Nikolai Vasilievich Gogol (1809 – 1852) was a Ukrainian, who wrote in Russian. He was a poet, a writer, playwright and critic. Scholars actually fight over his true nationality now.
Kind of ironic to think that Russia was eager to get rid of him and now regard him as one of the most revered in Russian literature.
He was exiled from Russia after his satirical writing on the Russian Empire became too much of an irritant to his country and home of choice.
The Diary of a Madman may seem as if it is completely random. Just some dude called Poprishchin suffering a psychotic break, having conversations with dogs and thinking he is the King of Spain.
Gogol wants you to look a little deeper. At the huge discrepancy between the rich and poor, the working man and the more affluent upper class workers. The bridges between the little man and the upper echelon. He wants you to know why the man breaks and what breaks Poprishchin in the end.
Poprishchin goes in to the office, because he is skint. He would rather not go in at all, the department in chief just finds any reason to nag and complain about him. He carries the burden most insignificant workers or the working man does. Being trod and ridiculed by those higher up on the ladder. Having to demean himself be asking for money he has rightly earned.
“Look here, my friend; there is something wrong with your head. You often rush about as though you were possessed. Then you make such confused abstracts of the documents that the devil himself cannot make them out;
The only reason he had ventured out was to encounter the accountant. Having to crawl and beg to get his money was probably the drop of water that made the barrel full to the top.
A terrible man, this accountant! As for his advancing one’s salary once in a way—you might sooner expect the skies to fall. You may beg and beseech him, and be on the very verge of ruin—this grey devil won’t budge an inch
The accountant is used to only the finest, he rents a fine country house, has horses and a carriage, and yet he appears to be so mild mannered. That doesn’t stop him from doing his job tough. Perhaps he treats his underlings like crap to make himself feel superior.
“Nevertheless, he knows how to scarify a petitioner till he has hardly a whole stitch left on his body”
Poprishchin likes elegance and propriety of the government offices. It gives him a sense of security to know everything has its place and use. Makes him feel as if he belongs, and yet a part of him knows he is just an inconsequential cog in a large wheel made up of other little wheels. A mere puppet on a string.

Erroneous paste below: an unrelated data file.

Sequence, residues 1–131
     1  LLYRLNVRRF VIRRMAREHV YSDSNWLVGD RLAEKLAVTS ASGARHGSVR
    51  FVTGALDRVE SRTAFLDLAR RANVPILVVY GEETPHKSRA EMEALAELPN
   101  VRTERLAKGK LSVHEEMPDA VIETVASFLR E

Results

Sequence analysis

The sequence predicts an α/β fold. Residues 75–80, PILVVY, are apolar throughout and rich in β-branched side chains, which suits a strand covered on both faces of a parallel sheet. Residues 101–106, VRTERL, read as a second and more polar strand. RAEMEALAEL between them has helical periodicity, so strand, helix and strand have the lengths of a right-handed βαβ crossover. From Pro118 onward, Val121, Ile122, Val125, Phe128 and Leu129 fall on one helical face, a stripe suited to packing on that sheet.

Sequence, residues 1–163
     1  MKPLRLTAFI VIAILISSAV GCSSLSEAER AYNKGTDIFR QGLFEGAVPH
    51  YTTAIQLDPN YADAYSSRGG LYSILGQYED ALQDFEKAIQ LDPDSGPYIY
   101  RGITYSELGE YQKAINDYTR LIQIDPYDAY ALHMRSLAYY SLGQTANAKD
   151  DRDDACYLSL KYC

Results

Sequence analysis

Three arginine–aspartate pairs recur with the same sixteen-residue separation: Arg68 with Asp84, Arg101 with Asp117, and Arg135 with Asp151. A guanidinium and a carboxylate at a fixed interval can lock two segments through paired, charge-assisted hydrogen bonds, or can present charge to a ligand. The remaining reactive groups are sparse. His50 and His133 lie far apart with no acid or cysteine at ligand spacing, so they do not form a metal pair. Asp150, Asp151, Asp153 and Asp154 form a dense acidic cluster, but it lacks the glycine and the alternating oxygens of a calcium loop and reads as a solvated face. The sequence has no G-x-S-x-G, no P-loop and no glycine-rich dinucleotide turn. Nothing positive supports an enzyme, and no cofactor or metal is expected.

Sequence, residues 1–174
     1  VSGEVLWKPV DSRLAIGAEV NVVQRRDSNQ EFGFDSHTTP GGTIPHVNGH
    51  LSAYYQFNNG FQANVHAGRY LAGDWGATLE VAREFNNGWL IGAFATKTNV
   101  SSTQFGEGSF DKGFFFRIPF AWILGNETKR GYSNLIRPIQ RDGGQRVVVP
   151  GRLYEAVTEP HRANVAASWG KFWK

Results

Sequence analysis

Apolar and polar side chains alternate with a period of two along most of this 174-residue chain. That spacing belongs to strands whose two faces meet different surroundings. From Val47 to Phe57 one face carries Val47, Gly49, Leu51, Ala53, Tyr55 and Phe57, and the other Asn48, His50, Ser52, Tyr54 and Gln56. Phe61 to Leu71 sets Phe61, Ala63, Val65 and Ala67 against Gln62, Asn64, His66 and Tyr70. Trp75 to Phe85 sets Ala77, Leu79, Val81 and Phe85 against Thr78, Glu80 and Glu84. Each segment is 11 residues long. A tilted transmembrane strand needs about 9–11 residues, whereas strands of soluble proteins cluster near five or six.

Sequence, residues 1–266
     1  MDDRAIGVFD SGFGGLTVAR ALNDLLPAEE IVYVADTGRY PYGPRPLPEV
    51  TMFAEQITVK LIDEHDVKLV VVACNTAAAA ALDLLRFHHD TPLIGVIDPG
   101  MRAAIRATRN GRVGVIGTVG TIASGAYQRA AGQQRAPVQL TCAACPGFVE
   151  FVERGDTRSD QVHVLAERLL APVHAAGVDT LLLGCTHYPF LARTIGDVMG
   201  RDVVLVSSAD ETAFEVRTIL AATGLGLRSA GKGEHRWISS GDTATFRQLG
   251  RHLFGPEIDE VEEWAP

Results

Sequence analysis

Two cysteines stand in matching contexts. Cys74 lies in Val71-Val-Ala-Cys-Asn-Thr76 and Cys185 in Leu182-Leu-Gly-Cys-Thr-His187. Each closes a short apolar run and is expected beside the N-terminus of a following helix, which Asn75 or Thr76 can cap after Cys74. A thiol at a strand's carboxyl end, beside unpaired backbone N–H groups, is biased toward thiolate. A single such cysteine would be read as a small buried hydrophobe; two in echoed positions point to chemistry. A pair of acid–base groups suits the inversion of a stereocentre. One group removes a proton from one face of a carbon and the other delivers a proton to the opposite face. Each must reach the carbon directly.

As he walks through the rain he happens upon the director’s carriage in front of a shop. His daughter is travelling within. He does not want her to see him in the shabby coat.
A lackey opened the carriage door, and, as I had expected, she fluttered like a bird out of it. She doesn’t recognise him, as she alights from the carriage with her little dog Meggy.
Meggy has to wait outside the shop, and this is where the story gets interesting if not a wee bit odd.
Before I had been standing there a minute, I heard a voice call, “Good day, Meggy!”“No, Fidel, you are wrong,” I heard Meggy say quite distinctly.
At first he wonders if he is drunk, as he looks around looking from somewhere or someone else the voices could be coming from, but it seems as if his first instincts were correct. The two dogs are having quite a cosy chat with each other.
What an extraordinary dog! I was, to tell the truth, quite amazed to hear it talk human language. Meanwhile what Meggy went on to say seemed to me still more remarkable. She added, “I wrote to you lately, Fidel; perhaps Polkan did not bring you the letter.”
Not only talking, but exchanging actual handwritten letters. Such clever animals, don’t you think? Obviously his descent into madness is beginning to spiral out of control.
I read the titles of some of the books; they were very learned, beyond the comprehension of people of my class, and all in French and German.
This sentence speaks of the inferiority he feels and the gap between the social classes. Society has taught him he is inferior and stupid in comparison to his superiors.
Such a distinguished and smart man. Poprishchin feels as if the director has a soft spot for him, perhaps it means the director will allow his daughter to associate with him. a man can only dream, eh. Delusional as well as batshit crazy.
Suddenly the object of his daydreams appears in front of him.
“Ye saints! how beautifully she was dressed. Her garments were whiter than a swan’s plumage—oh how splendid! A sun, indeed, a real sun!”
He spent his waking hours stalking her and waiting outside the director’s house in hopes of a glimpse. This did not go entirely unnoticed at the office either.
“Are you trying to pay court to the director’s daughter? Look at yourself and realise what you are! A nonentity, nothing else. I would not give a kopeck for you. Look well in the glass. How can you have such thoughts with such a caricature of a face?”
A lowly pen-fixer a possible paramour for such a high-born young woman. There is no way in hell a crossing of social standing will ever occur. No matter how handsome he may be, even if she loved him. This is what causes his barrel to overflow.